I’m quickly approaching the one year mark since starting at Optimum in my first job since graduating. As I near this landmark, it has got me thinking about the how I came about getting this role as well as the things I have learnt so far at Optimum. One big lesson I’ve learnt, which also ties in with how I got this job, is how every action and decision made can have a plethora of both intended and unintended consequences.
Quite often people will make a decision – myself included – thinking about the direct outcome and not the butterfly effect that can and does occur. Understandably, it is impossible to think of all contingencies, but whether they are thought about or not, unintended consequences will occur. It made me think of all the little decisions and actions that occurred for me to be in this job, as well as the countless people that have been impacted within the last 9 months of me working here.
The Global Perspective
These unintended consequences aren’t limited to a workplace as they do occur on a large scale as well. China’s ‘One Child Policy’ is a perfect example of how a planned decision to alleviate a number of social, economic and environmental issues, led to a multitude of effects that will impact society for generations.
The first and most noticeable unintended consequence of the ‘One Child Policy’, is how the policy has expedited the speed of the ageing population. Prior to the policy, for every one retiree, there were 12 citizens, whereas now, this has halved to six citizens, and by 2050 there will only be two citizens per every retiree. The UN estimates that within the next 30 years, only 48% of the population will be of working age. This potentially means that the demands of society that are not working, will be greater than those who are working.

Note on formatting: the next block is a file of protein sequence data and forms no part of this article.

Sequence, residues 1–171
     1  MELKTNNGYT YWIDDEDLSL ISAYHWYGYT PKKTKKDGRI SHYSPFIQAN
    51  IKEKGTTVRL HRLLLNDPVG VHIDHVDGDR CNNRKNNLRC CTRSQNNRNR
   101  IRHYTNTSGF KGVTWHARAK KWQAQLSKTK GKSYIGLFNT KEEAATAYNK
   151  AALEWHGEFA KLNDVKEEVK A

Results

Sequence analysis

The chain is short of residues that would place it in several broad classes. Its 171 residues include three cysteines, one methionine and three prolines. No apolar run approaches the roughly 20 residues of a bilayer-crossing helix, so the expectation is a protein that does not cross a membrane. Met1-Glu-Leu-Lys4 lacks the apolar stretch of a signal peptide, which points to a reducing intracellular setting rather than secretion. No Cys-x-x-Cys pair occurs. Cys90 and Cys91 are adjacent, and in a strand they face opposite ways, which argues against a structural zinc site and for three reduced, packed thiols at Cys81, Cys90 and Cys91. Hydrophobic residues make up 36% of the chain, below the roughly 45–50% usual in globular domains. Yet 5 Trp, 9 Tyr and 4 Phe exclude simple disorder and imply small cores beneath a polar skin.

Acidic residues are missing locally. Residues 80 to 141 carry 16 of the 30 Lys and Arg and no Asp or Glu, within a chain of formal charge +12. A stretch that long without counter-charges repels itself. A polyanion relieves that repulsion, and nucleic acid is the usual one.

One of the lesser known impacts of the policy, is the current gender disparity in those born after the policy. Prior to the policy, the was an even gender proportion between males and females, as is the same in most countries. However, there are now six males for every five females under the age of 35. This effect was predominantly due to families having greater number of self-selective abortions as there was a preference to having male children. An unintended consequence of this is that due to this disparity between males and females, there are fewer potential women for males to find as partners. As of 2010, there was 40 million more males than women. From here we can hypothesise about what unintended consequences can occur due to a larger number of single men. It could mean that more men would join the military which would lead to a higher Chinese military presence. It could mean more immigration from Chinese males, which may expand China’s global influence.
This shows how one decision, albeit large, can have an array of consequences that are not thought of.
It is interesting reflecting on how certain choices and decisions have led me being in the current position I’m in today. I asked one of my colleagues what stood out in my resume for him to call me (admittedly, being a prior Sandwich Artist doesn’t have a set ring to it). His response was the work experience I did through The University of Queensland as part of the HRorizons Program and having the opportunity to work with Deloitte. This one section on my resume got me a phone call, which lead to an interview and eventually a job offer. I remember almost not applying for the HRorizons as I felt swamped with uni work at the time. I’m very thankful that I did!
Being in the position I am in now, I am very grateful that I have been able to help a lot of people find the next step in their career as well as assisting companies across a range of HR solutions. I’m also oblivious to all the unintended consequences that those actions have had on those people as well as the people around them but I’m sure there are many.
Small personal interactions can also reap an array of unintended consequences. One morning last week, I was feeling pretty flat coming in to work. During our daily morning meeting one of my colleagues decided, for no apparent reason, to put on his best impression of the Queen. By the end of the meeting, my jaw was sore from laughing, I had forgotten about my own issues, I was focused for the day and was able to achieve some of my goals by the end of the day. This shows how just small actions can have large and positive impacts.
We make thousands of decisions daily and can often fall into the trap of being transactional. Being mindful to the bigger picture and trying to think of some of the unintended consequences of our decisions is a great way to become more aware of our actions and increase our empathy by considering the greater impact of our actions.
I’d love to hear about some of the unintended consequences that have happened to you, and the next time you make a big decision keep in mind the wider picture.
Daniel Cosgrove – Consultant